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by RAY FLEMING

MARSHALL Tito's ghost walked in Sarajevo yesterday when the European Union held a meeting with most of the former countries of Tito's Yugoslavia to discuss their prospects for European Union membership. During Tito's 35-year rule it was widely predicted that the Federation of Yugoslavia would not survive his death and so it proved ten years after it took place. Now Slovenia is a member of the EU, Croatia is close to joining, Serbia, Montenegro and Macedonia have applied for membership; Bosnia remains divided as an international protectorate.

Yesterday's meeting of EU foreign ministers was held under the presidency of Spain and the EU's new Foreign Affairs and Security chief, Lady Ashton, attended. Although some EU countries consider that discussion of the Balkan's future relationship with the EU is premature under present circumstances, there are signs that Lady Ashton thinks that this area should not be ignored and left to foment new trouble as it has done so often in the past, most recently in the 1990s.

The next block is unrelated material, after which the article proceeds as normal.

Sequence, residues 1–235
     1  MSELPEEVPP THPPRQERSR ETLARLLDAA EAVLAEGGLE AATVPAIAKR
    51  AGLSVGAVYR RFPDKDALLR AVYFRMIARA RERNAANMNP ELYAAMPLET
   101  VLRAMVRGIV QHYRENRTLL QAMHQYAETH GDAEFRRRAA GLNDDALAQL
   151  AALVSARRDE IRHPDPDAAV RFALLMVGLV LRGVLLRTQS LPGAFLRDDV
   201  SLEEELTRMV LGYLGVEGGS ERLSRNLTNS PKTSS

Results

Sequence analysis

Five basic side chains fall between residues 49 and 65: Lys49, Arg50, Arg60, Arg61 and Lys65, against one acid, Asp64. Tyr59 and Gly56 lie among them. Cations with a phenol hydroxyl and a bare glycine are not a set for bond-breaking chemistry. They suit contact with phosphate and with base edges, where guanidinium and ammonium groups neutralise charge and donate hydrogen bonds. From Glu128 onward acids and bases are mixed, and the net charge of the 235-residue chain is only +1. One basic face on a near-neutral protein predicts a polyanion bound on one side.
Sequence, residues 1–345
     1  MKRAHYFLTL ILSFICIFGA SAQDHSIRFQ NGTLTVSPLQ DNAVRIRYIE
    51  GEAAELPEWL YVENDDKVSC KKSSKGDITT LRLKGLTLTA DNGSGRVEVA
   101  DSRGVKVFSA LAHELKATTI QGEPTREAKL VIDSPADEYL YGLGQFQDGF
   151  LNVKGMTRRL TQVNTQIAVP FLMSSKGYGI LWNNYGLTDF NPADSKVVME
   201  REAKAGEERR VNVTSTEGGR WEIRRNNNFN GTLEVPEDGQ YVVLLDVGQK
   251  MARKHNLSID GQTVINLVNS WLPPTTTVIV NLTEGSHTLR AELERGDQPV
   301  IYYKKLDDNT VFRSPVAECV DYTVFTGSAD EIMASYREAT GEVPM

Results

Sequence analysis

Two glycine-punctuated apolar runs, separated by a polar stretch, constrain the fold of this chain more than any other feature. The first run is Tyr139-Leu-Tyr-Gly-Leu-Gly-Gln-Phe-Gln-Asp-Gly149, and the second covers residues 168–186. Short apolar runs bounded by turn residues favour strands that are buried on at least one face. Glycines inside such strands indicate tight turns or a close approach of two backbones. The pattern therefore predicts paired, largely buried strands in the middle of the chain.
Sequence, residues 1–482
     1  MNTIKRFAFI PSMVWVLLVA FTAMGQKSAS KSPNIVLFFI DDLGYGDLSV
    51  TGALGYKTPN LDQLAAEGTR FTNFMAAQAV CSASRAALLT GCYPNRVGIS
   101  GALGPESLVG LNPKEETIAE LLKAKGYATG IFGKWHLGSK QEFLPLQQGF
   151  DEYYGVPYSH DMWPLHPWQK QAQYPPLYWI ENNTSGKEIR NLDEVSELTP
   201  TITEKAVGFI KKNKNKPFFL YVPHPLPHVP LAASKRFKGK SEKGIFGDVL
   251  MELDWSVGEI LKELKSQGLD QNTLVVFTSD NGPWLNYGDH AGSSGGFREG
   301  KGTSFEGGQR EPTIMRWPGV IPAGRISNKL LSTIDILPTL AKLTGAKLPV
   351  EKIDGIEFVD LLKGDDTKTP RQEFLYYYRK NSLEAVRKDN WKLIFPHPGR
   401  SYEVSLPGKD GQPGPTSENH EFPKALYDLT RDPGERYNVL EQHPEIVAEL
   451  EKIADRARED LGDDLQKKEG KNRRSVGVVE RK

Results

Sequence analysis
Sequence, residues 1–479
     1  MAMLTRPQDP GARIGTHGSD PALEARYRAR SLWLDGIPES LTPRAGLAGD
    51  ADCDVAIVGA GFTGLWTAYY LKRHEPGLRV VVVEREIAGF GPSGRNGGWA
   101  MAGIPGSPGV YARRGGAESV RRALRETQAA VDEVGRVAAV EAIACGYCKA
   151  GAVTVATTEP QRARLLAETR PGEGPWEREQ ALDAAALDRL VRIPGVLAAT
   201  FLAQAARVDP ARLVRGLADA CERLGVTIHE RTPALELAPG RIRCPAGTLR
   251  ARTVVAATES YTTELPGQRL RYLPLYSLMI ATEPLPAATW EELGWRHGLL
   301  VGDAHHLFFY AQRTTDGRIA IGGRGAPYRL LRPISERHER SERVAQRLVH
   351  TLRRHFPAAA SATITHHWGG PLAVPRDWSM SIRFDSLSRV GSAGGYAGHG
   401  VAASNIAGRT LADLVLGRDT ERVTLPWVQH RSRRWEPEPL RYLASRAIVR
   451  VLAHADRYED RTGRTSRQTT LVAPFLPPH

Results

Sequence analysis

One idea she has in mind is the appointment of an EU Envoy to the Balkans and according to press reports yesterday she has Lord Paddy Ashdown in mind for the job. He knows the complex politics of the area well, having spent four years as internal representative in Bonsia in the aftermath of the 1992-95 war and was widely thought to have done a good job.